Deadline day – a flurry of last-minute approvals, including several for photos I initially thought would be impossible to clear: I need a signed permission form/written agreement from all picture sources and artists before I can supply the high res images. Much of today was spent updating my master spreadsheet to keep track of agreements now in place or still outstanding, plus labelling and filing permission forms and images ready to send to the client. I wrote the image credits, clearly indicating which wording can’t be changed, adding a note to suggest they will need a thorough copyedit. As there are so many different image sources in the book, the credit style varies significantly, but I do my best to make this straightforward for the copyeditor by ensuring details are in a consistent order and with consistent punctuation.

I hit my deadline of 5pm after a brief phone conversation with the author to discuss the two or three images where final permissions have not yet been obtained. An email arrives from an educational publisher I work with regularly asking for a few new images for an ELT workbook.

Wednesday

Catching up with other projects today. I send in a few new images requested for the ELT title – the editorial team are still chasing an unreleased image featuring children that they found online but I’m pretty sure the publisher won’t agree to this, so flag it up as a reminder when I send the new image selections in.

I receive a flurry of email questions about captions and credits from the Art Book publisher. They decided to clear some local archival images themselves, to save costs, but at this late stage realise they need to check some copyright issues and need advice rewriting credits. I direct them to the excellent DACS summary of copyright.

I make a start on a new job – reclearing text permissions for an Italian publisher for three ELT textbooks for which they have bought rights. I recleared some images for them a few years ago and although I work mainly on picture research, I’m happy to clear text permissions if I can fit this in.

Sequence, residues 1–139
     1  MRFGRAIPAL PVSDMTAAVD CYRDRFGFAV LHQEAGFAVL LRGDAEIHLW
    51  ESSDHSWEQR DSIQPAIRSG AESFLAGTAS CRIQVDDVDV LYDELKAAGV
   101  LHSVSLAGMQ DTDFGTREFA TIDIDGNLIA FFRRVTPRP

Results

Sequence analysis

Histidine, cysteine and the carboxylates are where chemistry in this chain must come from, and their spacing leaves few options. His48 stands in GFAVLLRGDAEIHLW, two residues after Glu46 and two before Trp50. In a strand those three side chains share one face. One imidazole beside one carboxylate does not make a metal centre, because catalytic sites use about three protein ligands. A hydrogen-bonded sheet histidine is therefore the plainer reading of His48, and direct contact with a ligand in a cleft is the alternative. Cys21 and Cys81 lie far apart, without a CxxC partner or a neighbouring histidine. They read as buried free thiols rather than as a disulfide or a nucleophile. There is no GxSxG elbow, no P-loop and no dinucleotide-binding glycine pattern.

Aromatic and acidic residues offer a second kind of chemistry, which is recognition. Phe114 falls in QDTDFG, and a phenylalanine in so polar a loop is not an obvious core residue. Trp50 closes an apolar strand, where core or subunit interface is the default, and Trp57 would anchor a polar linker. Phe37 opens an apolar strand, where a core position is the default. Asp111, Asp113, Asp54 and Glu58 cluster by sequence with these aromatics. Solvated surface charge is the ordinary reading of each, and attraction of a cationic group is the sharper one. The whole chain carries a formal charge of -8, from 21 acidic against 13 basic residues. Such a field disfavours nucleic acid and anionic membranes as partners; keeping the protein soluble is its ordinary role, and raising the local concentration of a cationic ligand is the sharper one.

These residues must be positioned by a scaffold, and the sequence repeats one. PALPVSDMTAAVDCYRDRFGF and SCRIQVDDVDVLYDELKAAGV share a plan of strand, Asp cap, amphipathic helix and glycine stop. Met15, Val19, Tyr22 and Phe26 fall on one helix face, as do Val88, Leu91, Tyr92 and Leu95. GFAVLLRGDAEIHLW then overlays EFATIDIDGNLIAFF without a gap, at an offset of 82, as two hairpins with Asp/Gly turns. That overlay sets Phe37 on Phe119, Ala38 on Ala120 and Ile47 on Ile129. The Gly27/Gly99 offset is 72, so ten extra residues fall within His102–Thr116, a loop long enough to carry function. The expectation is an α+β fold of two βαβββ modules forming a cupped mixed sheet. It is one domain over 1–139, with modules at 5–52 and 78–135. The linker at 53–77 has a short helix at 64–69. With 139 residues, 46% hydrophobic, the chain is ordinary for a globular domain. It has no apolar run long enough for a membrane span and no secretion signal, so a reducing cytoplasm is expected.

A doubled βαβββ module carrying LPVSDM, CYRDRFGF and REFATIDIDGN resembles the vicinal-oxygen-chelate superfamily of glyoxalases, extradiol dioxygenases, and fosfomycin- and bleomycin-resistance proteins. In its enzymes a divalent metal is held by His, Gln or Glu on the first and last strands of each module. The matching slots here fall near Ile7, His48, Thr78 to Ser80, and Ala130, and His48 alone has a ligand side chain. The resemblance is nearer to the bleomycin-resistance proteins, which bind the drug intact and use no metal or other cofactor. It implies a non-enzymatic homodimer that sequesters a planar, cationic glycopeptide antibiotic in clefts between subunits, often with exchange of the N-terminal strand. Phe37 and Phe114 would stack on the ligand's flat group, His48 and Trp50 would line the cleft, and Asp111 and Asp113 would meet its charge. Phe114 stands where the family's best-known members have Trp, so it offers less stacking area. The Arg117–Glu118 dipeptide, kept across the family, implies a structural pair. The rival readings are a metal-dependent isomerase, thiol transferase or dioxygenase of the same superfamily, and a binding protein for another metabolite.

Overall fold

Thursday

Continue working on Italian text permissions job. In a world where we face the freelance dilemma of ‘If I say I can’t make the schedule will I lose the job?’ I’m glad I told them when they emailed last week that I wouldn’t be able to turn this around in the week they had originally requested – mostly because I wasn’t free to start work until yesterday, but also because past experience suggests permissions departments for large publishers frequently take longer to reply. Sure enough, today one warns me when I fill in their online form that they can take up to 6 weeks to reply to an initial query. Hopefully it won’t take that long! Two of the permissions are proving to be tricky. They are biographies of well-known children’s authors from websites that have since been updated, rather than extracts from books, which means lots of emails between permissions departments/agents/the authors themselves/the previous publishers to try to obtain permission.

Friday

Unusually I find myself in the car at 7.45am wearing smartish clothes and driving up the A34 to Oxford for my first ELT Freelancers’ Community Awayday. From my initial arrival into a room buzzing with over 150 people, I was made to feel most welcome. The varied programme included presentations from large publishers about how they work with editorial freelancers and an open discussion about rates and fees, as well as a series of springboard talks with the opportunity to discuss issues raised in breakout groups afterwards. Lunch and refreshment breaks provided plenty of opportunities for networking with colleagues and potential new clients, and although some sessions were aimed more at freelance ELT project managers, copyeditors and proofreaders, there was plenty to interest me and the other picture researchers who attended. By the end of the day I was struck by the huge amount of expertise in the room – something it can be easy to lose sight of when you work alone. The day ends with a glass of wine and me agreeing to write a blog post for the CIEP!

Lorraine Beck is an experienced freelancer picture/clip researcher currently working on a variety of schools and ELT titles, but is happy to turn her hand to any subject. She’s a member of the Picture Research Association and listed in the ELT Publishing Professionals Directory.

 


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Photo credits: Hanging photos Brigitta Schneiter; images on shelf Annie Spratt, both on Unsplash

Proofread by Alice McBrearty, Entry-Level Member.
Posted by Abi Saffrey, CIEP blog coordinator.

The views expressed here do not necessarily reflect those of the CIEP.